“You don’t really have to explain to someone the concept of buying property, whereas investing in some kind of other security or financial instrument takes a little bit of sophistication to grasp,” Freund, who specializes in consumer class actions and digital marketing, said.
Cardone tapped into the group investing game after Registration A+ offerings (also known as Reg A+ offerings) were signed into law by Barack Obama in 2015 as a way of helping to reinvigorate financial investment following the Great Recession. The small security offerings require less oversight than something like a traditional initial public offering (IPO) and allowed Cardone to collect investments directly from his audience.
While filing all the required SEC paperwork and posting disclosures for Cardone Capital, Cardone simultaneously made inflated claims on social media to draw in investors.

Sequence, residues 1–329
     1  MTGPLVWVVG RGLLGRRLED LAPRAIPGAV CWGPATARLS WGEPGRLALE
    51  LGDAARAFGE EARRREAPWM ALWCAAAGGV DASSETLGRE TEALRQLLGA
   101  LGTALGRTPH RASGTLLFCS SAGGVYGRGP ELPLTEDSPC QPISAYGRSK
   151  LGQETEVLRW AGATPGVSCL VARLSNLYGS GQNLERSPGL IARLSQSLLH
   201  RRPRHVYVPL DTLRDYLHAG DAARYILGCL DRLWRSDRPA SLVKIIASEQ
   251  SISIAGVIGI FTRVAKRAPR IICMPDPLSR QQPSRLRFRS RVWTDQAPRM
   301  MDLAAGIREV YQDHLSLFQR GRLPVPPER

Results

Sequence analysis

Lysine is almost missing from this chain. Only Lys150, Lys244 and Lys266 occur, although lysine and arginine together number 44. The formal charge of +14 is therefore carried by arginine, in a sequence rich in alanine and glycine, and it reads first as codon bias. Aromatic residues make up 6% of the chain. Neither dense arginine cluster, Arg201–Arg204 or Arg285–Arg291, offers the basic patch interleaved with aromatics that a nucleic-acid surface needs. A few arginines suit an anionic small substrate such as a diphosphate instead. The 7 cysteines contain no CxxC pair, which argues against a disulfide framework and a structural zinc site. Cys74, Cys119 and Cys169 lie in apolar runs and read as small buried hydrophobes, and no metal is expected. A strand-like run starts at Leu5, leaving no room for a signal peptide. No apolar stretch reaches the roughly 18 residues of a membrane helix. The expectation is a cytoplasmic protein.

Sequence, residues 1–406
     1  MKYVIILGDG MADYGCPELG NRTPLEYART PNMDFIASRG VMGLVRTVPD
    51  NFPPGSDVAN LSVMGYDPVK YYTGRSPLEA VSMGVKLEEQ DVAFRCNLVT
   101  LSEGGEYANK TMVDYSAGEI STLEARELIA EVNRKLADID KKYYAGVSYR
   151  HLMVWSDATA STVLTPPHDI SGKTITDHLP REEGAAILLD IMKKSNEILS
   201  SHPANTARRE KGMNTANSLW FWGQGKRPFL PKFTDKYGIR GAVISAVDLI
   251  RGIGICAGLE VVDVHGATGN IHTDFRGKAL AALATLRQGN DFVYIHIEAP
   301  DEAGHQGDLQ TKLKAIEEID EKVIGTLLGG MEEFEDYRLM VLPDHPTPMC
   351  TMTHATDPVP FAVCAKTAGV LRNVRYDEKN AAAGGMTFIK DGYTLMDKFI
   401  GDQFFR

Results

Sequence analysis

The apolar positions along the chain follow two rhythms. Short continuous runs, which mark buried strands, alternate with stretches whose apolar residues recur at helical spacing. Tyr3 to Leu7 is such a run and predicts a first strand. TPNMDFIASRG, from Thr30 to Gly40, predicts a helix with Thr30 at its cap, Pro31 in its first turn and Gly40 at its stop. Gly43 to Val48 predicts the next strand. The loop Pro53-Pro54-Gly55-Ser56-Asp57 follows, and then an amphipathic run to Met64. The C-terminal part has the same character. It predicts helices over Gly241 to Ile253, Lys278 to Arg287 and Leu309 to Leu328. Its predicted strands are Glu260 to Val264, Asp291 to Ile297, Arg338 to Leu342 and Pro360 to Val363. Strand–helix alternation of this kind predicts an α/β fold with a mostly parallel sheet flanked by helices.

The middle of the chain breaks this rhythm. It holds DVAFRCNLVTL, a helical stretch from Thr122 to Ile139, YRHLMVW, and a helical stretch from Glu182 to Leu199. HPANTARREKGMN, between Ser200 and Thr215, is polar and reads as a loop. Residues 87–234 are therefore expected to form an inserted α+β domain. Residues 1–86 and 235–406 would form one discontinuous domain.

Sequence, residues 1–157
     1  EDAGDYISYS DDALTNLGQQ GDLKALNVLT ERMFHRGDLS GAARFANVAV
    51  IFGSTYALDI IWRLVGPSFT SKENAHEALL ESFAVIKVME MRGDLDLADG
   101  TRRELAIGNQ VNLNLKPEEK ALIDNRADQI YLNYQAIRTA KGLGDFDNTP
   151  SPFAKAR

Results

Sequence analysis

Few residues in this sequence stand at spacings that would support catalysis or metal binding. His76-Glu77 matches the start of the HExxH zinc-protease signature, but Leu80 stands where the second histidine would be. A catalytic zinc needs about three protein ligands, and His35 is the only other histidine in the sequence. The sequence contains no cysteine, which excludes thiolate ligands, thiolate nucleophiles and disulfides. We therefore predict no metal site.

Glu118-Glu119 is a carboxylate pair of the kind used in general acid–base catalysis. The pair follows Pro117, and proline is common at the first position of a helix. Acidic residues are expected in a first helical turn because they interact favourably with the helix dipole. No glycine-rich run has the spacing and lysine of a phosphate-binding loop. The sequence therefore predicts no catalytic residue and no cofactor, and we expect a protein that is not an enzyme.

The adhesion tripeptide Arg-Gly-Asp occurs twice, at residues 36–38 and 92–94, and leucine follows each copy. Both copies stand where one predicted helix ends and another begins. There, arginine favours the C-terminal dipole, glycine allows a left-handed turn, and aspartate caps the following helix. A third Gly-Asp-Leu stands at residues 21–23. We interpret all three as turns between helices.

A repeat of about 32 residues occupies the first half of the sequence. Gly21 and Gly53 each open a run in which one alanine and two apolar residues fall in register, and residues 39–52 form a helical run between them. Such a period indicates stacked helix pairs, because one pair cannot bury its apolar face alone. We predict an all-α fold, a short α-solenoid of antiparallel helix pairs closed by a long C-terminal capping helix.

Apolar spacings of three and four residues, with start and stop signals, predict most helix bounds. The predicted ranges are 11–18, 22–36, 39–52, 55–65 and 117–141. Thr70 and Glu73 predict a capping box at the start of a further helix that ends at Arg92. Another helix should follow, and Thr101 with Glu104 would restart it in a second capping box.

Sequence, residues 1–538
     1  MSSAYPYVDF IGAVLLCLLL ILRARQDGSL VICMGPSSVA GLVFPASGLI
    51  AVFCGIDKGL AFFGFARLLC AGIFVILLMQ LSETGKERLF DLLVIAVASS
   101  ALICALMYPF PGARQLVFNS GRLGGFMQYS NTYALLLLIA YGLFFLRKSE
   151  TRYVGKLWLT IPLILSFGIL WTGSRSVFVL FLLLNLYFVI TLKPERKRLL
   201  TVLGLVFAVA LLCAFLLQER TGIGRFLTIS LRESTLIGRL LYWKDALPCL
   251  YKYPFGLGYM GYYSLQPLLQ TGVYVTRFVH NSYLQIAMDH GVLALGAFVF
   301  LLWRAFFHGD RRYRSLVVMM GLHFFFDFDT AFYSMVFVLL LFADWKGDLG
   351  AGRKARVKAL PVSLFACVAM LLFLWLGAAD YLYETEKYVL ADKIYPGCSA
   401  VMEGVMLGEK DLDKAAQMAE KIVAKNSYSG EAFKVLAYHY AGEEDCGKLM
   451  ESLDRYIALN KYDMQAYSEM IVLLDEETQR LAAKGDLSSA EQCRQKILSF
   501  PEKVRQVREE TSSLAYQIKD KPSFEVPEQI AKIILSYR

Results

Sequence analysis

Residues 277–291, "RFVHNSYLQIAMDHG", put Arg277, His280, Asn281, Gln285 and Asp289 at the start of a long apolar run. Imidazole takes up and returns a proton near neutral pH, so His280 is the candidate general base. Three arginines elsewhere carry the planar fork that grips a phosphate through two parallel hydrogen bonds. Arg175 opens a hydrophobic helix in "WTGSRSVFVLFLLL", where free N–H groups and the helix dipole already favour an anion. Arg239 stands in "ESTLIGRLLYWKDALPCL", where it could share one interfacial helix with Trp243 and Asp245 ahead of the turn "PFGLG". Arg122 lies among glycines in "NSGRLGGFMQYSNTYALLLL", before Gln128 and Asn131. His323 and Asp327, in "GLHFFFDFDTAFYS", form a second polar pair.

“You’re gonna walk away with a 15 percent annualized return,” Cardone says in one video from 2019. “If I’m in that deal for 10 years, you’re gonna earn 150 percent. You can tell the SEC that’s what I said it would be. They call me Uncle G, and some people call me Nostradamus, because I’m predicting the future, dude. This is what’s gonna happen.”
The suit claims that the legal disclosures Cardone included at the bottom of his website were not enough to cover his bold claims on social media.
But Cardone also isn’t the only individual who has leveraged his personality to try and draw in investors on pooled investment vehicles, The New Republic pointed out. Influencer Kris Kohn, YouTuber Ryan Pineda and former Fox & Friends co-host Clayton Morris all took to social media to try and gain investors to pool on investments. (Morris actually ended up fleeing the U.S. in 2019 amidst several allegations of fraud by some of his investors.)
However, crowdfunding has also gained in popularity among tech platforms, including CrowdStreet, RealtyMogul, FundRebel, Fundrise and Arrived, which position themselves as a way of making investing more accessible and democratic.
The New Republic’s Josh Gabert-Doyon argues this type of online crowdfunding has transformed online investment into a new form of entertainment “akin to gambling.”